In the first episode of Minor Revisions, Jen has a mini-debate with her father about religion, faith, astronomy, the Big Bang, and what kind of evidence he would need to know God exists. They have it in front of a telescope in an observatory. (You’ll have to watch to find out why they were there.) While the conversation was frank, it is a good example to everyone that you can have these discussions and still care about each other. How ecumenical.
Pope Paul VI said in his 1964 encyclical on unity and the Church that our dialogue should respect the dignity of other people. We should never use even the slightest bit of coercion to evangelize, just as Christ and His Apostles never used coercion and let the persuasive power of truth speak for itself.
Our dialogue must be accompanied by that meekness which Christ bade us learn from Himself: “Learn of me, for I am meek and humble of heart.” It would indeed be a disgrace if our dialogue were marked by arrogance, the use of bared words or offensive bitterness. What gives it its authority is the fact that it affirms the truth, shares with others the gifts of charity, is itself an example of virtue, avoids peremptory language, makes no demands. It is peaceful, has no use for extreme methods, is patient under contradiction and inclines towards generosity. (Ecclesiam Suam, 81)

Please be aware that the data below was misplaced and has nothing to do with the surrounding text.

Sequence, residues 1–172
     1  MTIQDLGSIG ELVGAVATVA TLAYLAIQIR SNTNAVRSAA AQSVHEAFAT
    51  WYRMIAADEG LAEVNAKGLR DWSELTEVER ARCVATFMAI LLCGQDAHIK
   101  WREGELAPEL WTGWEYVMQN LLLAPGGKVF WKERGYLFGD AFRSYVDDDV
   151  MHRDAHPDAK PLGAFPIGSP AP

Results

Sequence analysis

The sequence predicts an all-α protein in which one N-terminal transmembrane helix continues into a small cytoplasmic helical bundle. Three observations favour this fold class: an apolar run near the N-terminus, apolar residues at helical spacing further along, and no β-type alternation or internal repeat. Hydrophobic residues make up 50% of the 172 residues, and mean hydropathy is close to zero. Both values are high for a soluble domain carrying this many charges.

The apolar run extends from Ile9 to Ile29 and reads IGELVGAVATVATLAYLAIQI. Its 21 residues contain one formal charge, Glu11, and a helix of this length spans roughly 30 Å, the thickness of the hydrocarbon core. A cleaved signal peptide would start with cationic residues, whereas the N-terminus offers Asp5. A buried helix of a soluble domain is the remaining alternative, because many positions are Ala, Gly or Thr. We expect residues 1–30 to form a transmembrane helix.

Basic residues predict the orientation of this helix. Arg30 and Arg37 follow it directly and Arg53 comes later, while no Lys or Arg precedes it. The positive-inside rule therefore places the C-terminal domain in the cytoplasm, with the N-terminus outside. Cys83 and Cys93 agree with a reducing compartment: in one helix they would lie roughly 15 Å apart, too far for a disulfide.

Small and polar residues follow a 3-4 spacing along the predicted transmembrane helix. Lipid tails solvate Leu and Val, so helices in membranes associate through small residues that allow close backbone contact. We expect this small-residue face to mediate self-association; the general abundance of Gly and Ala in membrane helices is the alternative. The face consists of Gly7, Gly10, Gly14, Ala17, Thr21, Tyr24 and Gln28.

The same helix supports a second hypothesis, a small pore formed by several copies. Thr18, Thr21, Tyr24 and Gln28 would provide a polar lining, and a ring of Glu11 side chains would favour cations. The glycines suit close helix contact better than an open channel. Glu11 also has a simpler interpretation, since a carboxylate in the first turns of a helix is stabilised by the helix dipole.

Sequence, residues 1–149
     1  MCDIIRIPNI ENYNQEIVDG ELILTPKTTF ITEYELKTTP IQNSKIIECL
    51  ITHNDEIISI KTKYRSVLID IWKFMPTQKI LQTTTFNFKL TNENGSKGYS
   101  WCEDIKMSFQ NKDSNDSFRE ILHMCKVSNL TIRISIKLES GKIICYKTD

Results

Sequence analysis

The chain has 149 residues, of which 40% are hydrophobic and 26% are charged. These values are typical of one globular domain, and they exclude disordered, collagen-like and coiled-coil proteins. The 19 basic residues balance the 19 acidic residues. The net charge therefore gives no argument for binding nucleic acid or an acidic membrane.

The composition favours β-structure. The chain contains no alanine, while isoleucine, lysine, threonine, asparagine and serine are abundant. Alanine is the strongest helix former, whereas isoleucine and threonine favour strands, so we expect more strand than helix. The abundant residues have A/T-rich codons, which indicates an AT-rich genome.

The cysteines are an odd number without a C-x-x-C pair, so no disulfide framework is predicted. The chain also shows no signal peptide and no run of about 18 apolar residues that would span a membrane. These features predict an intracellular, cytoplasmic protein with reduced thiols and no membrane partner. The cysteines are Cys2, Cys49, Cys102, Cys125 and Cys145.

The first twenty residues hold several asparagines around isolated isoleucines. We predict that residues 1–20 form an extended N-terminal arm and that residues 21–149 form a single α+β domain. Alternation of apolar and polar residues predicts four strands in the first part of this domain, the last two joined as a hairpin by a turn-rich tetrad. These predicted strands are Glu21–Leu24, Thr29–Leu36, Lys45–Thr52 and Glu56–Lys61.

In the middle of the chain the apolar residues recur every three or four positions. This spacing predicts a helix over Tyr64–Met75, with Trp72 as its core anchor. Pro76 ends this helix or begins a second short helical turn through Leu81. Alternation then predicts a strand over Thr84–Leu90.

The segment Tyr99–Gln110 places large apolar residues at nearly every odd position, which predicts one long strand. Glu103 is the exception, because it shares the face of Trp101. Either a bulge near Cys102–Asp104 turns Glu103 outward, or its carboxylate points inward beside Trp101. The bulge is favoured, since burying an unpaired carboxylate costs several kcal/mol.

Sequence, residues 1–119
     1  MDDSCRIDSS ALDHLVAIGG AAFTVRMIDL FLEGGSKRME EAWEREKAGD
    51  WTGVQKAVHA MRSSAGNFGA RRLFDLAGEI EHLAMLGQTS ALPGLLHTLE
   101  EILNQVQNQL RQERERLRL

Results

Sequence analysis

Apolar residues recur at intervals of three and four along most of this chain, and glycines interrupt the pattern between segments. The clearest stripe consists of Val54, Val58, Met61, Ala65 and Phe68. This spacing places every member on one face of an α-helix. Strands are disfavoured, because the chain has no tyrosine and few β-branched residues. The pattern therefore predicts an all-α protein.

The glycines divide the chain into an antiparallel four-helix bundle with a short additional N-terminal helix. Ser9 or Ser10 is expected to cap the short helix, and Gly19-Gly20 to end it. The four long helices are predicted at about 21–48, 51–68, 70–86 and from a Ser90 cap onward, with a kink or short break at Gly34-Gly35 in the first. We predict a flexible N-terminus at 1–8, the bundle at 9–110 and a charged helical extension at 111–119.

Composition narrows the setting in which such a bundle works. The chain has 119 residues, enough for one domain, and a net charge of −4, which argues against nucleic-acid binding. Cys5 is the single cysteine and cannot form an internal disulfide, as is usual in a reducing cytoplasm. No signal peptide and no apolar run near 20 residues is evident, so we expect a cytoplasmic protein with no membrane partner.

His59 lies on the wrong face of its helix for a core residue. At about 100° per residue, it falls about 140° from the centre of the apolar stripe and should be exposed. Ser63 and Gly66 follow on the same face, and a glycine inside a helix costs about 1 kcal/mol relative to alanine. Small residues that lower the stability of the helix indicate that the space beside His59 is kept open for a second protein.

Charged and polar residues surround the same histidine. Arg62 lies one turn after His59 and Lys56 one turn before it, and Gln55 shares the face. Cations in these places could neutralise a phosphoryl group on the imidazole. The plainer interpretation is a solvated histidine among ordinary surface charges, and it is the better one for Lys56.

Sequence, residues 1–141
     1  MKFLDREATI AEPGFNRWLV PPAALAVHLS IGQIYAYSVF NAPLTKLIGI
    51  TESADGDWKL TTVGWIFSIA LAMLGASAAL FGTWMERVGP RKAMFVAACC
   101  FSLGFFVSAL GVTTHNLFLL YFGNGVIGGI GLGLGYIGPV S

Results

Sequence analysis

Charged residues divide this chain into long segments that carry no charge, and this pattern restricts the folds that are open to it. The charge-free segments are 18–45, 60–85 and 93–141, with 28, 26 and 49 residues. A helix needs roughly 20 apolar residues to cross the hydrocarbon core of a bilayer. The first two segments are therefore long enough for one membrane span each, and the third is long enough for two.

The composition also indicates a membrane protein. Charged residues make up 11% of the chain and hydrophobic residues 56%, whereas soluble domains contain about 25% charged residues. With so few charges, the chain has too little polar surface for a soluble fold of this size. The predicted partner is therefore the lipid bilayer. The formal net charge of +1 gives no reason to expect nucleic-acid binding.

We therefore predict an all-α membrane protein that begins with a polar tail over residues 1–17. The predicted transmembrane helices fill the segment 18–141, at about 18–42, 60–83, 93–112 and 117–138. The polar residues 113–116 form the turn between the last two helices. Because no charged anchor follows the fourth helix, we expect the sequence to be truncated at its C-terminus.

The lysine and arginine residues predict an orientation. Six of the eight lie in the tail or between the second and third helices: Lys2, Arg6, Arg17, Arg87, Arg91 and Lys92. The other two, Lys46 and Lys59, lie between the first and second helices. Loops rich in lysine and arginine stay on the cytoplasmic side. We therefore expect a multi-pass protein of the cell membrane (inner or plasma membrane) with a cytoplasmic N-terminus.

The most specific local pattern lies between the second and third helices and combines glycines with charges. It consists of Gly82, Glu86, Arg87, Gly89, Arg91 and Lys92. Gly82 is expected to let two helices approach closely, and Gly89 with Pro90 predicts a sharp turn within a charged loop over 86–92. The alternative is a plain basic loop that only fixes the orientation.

After a healthy debate on issues that can often leave people angry with each other, they hugged, and concluded an enjoyable outing together. Something her father said about Jen really stuck with me though, and I want to point it out so that you watch for it. Although he does not share her beliefs, her father said that he is proud of Jen for her commitment and sincerity in her Catholic faith. “She’s not being a ‘just-in-case’ Christian,” he said, “she’s into it 100%.” Jen and her family do not go to church “just in case” there’s a God and they might have to answer for it; they go because it is the center of their lives. What a good reminder that how we live speaks more loudly than what we say.
If you watch the first episode tonight, I would love to hear your thoughts. Blessings, Jen, to you and your family. Thanks for sharing your lives with us!
Minor Revisions is a three-part special that will air on December 13, December 20, and January 10, all at 8 PM EST (7 PM CST). It starts tonight, and you can watch it online live here. It will also air on the NET network in the NYC area (TimeWarner Ch 97 & Cablevision Ch 30), and it will be available as an on-demand show for Verizon FiOS subscribers. Though there may be reruns, it won’t be archived online, so be sure to catch it live! More info here.